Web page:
A group of British industry, university, and local government leaders have launched a new collaboration to establish a Low Carbon Industrial Cluster in the North West of England intended to serve as a world-first example to others in the UK and around the world.
Led by Richard Carter, Chairman of the North West Business Leadership Team (NWBLT) and Managing Director of BASF for UK, the group of industry, university, and local government leaders intend to secure “game-changing” investment in the future of clean growth in the North West of England. The group is made up of private and public sector partners from across the Liverpool City Region, Cheshire and Warrington, and Greater Manchester.
“This collaboration represents one of the most vibrant clusters in the UK with a wide range of energy-intensive industry partners,” said Richard Carter, Chairman of the NWBLT. “We are already home to a number of existing complementary initiatives that, when brought together, represent a game-changing opportunity. We believe, with appropriate Government support, that this will result in the North West meeting the challenge of becoming the UK’s first low carbon industrial cluster by 2030.”
The North West of England is already home to “one of the most vibrant clusters in the UK,” according to a letter sent to Sir Mark Walport, Chief Executive of the UK Research and Innovation (UKRI), which is supporting the UK Government in building net-zero carbon clusters, an ambition announced at the COP24 climate talks in Poland in December. The region boasts a range of energy-intensive industries and has already begun addressing many of the challenges involved in industrial decarbonization. In his letter to Sir Walport, Richard Carter highlighted the North West region’s “long tradition in manufacturing” which has been served for long years by the Port of Liverpool. “The last 40 years has seen the North West build on its traditional strengths in chemicals, textiles, shipping and engineering and diversify into modern high technology sectors including ICT, biotechnology, pharmaceuticals, aerospace, and telecommunications,” Carter continued.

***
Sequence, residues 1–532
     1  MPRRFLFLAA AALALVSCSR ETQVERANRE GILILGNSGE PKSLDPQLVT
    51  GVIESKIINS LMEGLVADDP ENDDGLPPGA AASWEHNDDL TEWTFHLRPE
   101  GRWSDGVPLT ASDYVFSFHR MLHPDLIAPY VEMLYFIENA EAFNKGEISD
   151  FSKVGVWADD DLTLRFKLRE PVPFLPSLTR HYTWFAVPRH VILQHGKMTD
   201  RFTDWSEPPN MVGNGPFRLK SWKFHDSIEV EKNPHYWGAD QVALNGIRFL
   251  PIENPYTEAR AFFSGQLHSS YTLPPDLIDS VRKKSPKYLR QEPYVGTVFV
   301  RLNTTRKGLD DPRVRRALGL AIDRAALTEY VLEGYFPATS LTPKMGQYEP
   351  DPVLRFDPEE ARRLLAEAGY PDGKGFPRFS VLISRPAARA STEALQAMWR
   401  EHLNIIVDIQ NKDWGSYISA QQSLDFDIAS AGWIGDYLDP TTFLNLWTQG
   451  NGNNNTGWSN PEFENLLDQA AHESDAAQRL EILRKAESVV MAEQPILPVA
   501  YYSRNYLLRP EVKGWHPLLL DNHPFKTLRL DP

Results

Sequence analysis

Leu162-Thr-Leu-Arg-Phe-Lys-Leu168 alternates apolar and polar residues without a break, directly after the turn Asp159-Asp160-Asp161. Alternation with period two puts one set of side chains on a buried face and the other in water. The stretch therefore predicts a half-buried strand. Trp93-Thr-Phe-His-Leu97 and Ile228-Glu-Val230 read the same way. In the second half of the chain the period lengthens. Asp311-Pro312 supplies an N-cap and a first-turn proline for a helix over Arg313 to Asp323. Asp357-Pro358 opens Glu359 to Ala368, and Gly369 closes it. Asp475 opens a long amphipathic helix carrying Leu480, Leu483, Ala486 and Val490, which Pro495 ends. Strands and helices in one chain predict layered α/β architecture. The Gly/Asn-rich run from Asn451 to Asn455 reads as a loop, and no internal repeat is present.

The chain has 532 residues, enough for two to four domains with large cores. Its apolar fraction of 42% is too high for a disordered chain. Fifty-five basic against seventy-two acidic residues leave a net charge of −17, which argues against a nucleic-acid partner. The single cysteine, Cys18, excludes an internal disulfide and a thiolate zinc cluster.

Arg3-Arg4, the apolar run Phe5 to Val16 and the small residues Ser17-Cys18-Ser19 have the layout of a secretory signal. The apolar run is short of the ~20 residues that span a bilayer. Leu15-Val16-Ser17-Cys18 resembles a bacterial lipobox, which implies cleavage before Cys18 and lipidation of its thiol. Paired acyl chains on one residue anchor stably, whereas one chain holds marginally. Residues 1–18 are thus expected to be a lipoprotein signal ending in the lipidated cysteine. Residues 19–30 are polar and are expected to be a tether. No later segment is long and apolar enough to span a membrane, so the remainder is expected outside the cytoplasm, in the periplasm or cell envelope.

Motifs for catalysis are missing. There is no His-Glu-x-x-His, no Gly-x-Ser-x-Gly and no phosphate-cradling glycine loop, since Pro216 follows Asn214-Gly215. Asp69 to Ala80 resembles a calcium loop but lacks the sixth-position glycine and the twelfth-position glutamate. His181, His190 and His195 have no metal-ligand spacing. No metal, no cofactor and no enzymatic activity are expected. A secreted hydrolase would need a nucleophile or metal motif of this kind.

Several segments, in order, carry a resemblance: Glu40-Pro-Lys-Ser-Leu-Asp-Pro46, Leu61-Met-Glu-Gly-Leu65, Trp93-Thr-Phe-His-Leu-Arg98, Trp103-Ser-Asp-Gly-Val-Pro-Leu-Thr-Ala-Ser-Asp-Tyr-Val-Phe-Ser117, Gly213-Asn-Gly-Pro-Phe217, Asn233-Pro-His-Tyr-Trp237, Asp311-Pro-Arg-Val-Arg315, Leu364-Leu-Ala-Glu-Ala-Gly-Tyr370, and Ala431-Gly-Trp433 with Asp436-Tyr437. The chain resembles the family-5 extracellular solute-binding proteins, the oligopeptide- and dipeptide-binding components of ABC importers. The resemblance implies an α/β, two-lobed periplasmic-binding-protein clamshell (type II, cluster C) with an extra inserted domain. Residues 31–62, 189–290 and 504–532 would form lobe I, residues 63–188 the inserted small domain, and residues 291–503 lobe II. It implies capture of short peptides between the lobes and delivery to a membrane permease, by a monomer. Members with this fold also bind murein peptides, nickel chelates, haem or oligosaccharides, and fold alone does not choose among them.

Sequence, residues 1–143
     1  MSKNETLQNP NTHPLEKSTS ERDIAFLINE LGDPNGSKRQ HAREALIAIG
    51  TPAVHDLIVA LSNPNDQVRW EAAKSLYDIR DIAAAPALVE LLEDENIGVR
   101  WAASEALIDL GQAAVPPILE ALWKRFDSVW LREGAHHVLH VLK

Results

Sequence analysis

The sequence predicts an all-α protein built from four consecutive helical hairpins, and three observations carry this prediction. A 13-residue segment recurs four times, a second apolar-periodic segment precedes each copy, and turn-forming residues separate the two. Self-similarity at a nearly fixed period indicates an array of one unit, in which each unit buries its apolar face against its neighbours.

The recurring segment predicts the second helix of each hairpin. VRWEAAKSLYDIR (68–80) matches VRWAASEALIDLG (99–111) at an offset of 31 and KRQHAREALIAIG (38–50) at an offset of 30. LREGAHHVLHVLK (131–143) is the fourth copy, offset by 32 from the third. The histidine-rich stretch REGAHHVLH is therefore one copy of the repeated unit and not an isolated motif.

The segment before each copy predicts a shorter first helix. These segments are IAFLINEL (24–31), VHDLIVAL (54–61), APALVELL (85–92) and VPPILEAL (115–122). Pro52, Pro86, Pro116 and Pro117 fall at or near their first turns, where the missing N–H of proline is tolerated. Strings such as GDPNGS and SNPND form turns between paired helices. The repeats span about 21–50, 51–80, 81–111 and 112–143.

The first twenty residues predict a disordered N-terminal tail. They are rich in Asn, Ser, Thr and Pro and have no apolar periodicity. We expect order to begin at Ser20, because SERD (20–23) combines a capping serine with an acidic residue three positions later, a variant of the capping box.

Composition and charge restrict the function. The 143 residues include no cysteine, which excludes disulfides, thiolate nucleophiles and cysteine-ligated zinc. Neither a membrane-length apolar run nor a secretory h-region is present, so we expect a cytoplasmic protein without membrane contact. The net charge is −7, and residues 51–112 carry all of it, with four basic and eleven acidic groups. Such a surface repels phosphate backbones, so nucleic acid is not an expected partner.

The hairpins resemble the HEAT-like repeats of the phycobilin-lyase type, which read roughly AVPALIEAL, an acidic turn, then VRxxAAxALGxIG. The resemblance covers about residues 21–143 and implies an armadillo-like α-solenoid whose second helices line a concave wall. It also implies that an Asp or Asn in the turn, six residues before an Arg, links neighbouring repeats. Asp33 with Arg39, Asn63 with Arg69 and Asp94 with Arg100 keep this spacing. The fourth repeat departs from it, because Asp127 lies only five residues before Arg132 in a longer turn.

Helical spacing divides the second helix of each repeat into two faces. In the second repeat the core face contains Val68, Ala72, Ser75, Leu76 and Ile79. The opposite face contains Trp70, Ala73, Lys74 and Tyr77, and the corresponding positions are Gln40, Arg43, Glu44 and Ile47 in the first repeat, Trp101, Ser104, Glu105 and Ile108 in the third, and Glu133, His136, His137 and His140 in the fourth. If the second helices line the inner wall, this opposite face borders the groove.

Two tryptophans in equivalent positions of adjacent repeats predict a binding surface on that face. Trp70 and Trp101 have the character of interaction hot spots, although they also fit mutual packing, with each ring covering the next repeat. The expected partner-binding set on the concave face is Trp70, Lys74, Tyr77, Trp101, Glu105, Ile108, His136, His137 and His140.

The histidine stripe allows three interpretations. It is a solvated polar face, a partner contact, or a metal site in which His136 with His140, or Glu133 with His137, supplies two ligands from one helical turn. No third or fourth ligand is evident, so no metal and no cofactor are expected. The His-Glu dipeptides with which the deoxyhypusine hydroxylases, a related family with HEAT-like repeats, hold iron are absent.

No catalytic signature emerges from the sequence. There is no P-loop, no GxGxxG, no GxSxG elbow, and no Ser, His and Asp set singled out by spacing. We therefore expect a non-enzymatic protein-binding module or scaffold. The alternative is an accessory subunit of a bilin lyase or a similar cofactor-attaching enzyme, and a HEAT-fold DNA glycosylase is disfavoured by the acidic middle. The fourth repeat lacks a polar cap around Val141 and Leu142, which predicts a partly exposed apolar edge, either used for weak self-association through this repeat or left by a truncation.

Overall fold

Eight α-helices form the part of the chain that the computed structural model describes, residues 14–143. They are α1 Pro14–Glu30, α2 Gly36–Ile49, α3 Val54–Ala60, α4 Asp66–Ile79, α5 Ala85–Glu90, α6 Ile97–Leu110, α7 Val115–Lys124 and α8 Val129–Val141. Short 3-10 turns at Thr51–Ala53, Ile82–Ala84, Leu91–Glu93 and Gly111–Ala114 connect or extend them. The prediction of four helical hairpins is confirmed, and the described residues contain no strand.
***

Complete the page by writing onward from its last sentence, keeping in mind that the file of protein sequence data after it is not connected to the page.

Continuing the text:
The North West’s ambition to build a world-first low carbon industrial cluster will therefore be focused first of all on being powered by renewable energy sources such as wind, solar, smart grids, tidal energy, and small module nuclear power. The region will also seek to enable the development of a hydrogen economy to existing and developing industries and will also further decarbonize the sector through the deployment of carbon capture utilization and storage technology.
The hope is that, by 2030, the cluster will reduce carbon emissions by tens of millions of tons per year and create at least 33,000 new jobs, setting the region on a trajectory to meet 2050 emissions targets while simultaneously growing employment.
“Innovation will be key to the success of this plan and the region is also supported by a network of experts in the field of industrial decarbonisation, from our major Universities and from the private sector,” explained David Parkin of Progressive Energy, which has been instrumental in bringing partners together. “The joint response sets out the decarbonisation challenge for the region, a proposed delivery model, and in excess of £500 million of prospective investment from the private sector.”
“We are rightly planning for the long term and a zero carbon future, and we are taking urgent action now,” added Steve Rotheram, Mayor of the Liverpool City Region. “In the Liverpool City Region our low carbon sector is already worth £2 billion a year to our economy, while employing 22,000 people and we stand ready to play a key role in creating the UK’s first low carbon cluster. Just a fortnight ago, I launched our own £10 million Green Investment Fund, which will back renewable energy projects and support my ambition for a zero-carbon city region by 2040.”
One of the key projects envisioned for the North West Low Carbon Industrial Cluster is the development of large-scale smart grids. Initially devised by the Cheshire Energy Hub to promote a multi-vector approach to support incumbent industry and to encourage inward investment, the Energy innovation District “brings together a large number of strategically vital energy-intensive manufacturers and energy supply chain companies,” writes Mark Walport, “with the aim of developing a multi-vector energy trading platform, which will use the existing public networks for distribution, whilst simultaneously driving investment in new low or zero carbon generation.”
Included in the plans is the Mersey Tidal project, which seeks to develop a multi-gigawatt tidal energy production facility to harness the tidal power of the River Mersey and Liverpool Bay. The project is currently at the full business case production stage and is projecting delivery of first power in 2029.
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